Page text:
When a plus size female mannequin arrived in the Nike flagship store in London this past June, it caused an uproar.
Stationed next to straight-size mannequins in the activewear section, the backlash came swift and scalding with one commentator at The Telegraph describing the mannequin as ‘immense, gargantuan, vast and heaving with fat’.
The plus size community hit back, the initial jubilation in seeing the mannequin turned quickly into having to defending their right to exercise without fat-phobic criticism.
As a plus size woman myself, I saw the mannequin as a welcome leap forward for size inclusivity – because, despite what society thinks, fat women (and men) work out too! Which means we need clothes that fit our bodies and feel comfortable throughout a workout – something not always possible.
Until recently, baggy t-shirts and ill-fitting tights were the only options available for exercise. But, with women in the UK averaging a dress size of 16, companies have started to cotton on, making size-inclusive activewear for those size 18 and above – a sweet relief.
When is comes to inclusivity, though, not all gym gear is created equal. So we’ve rounded up the plus size active wear brands to know below.
When Nike launched plus size activewear in 2017, there was a collective cheer from the plus size community around the world. Finally, we thought, a well-known sports brand taking size inclusivity seriously. Since then, Nike’s plus size range has gone from strength to strength now offering over 51 styles – from sports bras to running jackets – and updating the collection seasonally.
I trialled the Women’s Swoosh Medium-Support Sports Bra (£26.95) paired with the Nike One tights (£34.95). The gear felt comfy and supportive during a workout, and while the tights weren’t as structural as I like, they were light, breathable and stayed firmly in place. The gear is clearly made to work with the plus size figure.
Sizes: 1X to 3X.
Verdict: the one-stop shop for any plus size gal looking for stylish activewear.
When ASOS Curve launched in 2010, it changed the game for many plus size women, offering on-trend styles at reasonable prices and, while fast fashion has been getting some heat lately, the plus size community has long loved ASOS for being frontrunners in size inclusivity.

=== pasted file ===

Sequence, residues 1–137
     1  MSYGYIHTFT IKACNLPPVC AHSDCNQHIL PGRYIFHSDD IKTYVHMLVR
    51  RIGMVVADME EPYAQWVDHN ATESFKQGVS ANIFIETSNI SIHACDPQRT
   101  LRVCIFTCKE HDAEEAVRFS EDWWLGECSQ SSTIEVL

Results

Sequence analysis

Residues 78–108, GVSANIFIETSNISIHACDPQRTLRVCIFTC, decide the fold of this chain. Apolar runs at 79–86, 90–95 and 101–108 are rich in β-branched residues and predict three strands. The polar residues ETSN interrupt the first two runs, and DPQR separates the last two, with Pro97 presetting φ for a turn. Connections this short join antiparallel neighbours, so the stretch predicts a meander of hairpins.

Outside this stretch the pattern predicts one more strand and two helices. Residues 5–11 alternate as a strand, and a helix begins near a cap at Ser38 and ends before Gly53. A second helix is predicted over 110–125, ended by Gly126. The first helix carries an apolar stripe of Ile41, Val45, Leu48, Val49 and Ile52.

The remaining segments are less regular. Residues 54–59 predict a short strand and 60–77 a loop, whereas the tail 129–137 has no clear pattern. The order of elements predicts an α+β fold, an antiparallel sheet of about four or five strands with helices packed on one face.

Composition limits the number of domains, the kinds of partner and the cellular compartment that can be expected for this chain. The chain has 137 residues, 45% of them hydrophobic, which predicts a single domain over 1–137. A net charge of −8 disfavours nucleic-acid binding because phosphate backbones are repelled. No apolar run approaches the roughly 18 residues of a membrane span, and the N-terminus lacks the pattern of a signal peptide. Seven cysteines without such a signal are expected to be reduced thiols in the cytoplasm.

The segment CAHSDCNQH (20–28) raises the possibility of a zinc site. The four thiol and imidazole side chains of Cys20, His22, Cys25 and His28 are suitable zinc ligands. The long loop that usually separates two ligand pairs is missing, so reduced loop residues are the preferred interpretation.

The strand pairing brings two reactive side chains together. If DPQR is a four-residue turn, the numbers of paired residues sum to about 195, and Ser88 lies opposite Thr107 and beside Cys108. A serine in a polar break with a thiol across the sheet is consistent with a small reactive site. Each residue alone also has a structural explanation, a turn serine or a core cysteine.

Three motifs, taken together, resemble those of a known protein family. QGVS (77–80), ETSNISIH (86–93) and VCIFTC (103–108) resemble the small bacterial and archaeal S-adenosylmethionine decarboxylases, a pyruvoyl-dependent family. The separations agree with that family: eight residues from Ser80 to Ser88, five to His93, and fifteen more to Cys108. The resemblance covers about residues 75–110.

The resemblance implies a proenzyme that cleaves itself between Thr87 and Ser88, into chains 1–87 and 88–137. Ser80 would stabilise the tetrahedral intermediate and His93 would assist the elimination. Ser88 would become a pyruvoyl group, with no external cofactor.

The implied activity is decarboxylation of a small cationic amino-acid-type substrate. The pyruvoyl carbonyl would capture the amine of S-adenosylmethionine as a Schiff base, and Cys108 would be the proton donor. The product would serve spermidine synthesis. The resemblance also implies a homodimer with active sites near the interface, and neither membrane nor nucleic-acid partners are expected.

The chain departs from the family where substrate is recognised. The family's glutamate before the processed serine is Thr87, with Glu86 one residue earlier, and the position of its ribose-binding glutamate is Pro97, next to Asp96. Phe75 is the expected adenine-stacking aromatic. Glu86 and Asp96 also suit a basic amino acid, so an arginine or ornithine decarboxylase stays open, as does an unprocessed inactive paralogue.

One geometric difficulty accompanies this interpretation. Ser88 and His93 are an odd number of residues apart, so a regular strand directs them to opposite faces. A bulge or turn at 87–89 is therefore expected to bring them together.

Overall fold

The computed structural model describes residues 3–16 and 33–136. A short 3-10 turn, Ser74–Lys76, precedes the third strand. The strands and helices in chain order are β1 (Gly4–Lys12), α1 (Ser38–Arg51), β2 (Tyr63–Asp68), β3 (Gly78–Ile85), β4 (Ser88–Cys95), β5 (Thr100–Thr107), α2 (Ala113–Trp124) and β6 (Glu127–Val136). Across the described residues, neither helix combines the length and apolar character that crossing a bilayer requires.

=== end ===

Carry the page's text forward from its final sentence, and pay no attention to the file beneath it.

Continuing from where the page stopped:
The Curve activewear section contains exclusively Nike products alongside ASOS’ own-brand ASOS 4505, with the own-brand sizes ranging from 18 to 30. I trialled the ASOS 4505 Curve knot front cropped vest top (£14) and ASOS 4505 Curve legging with sculpt mesh inserts (£25). The leggings were on-trend with a comfortable high waist and mesh inserts – although they were a bit long for my short legs (a common problem with plus size clothes). The cropped vest top was lightweight, breathable and comfortable and, just as importantly, looked as good as it felt.
Sizes: 18 to 30.
Verdict: ASOS 4505 currently has 28 styles to choose from on the site, while not extensive the brand updates the list each season with on-trend activewear. The result is affordable, stylish and well-fitting workout gear that is well-fitted to a plus size body.
The brand synonymous with actress Kate Hudson, Fabletics was co-founded by Hudson along with JustFab Inc. CEOs Don Ressler and Adam Goldenberg in 2013. After seeing a gap in the market, the trio decided to launch a luxury activewear range that offered stylish, high-quality gear at an accessible prince point.
I tried a few items from the range – like the Rise 2-Piece Outfit (£23.63) and the Monet V-Back Tie Tank (£13.63) – and can’t stop recommending it to all of my friends. Fabletics also use women with plus size bodies to model its plus size range – something not often seen with other brands and is certainly a welcome sight.
Sizes: 6 to 30.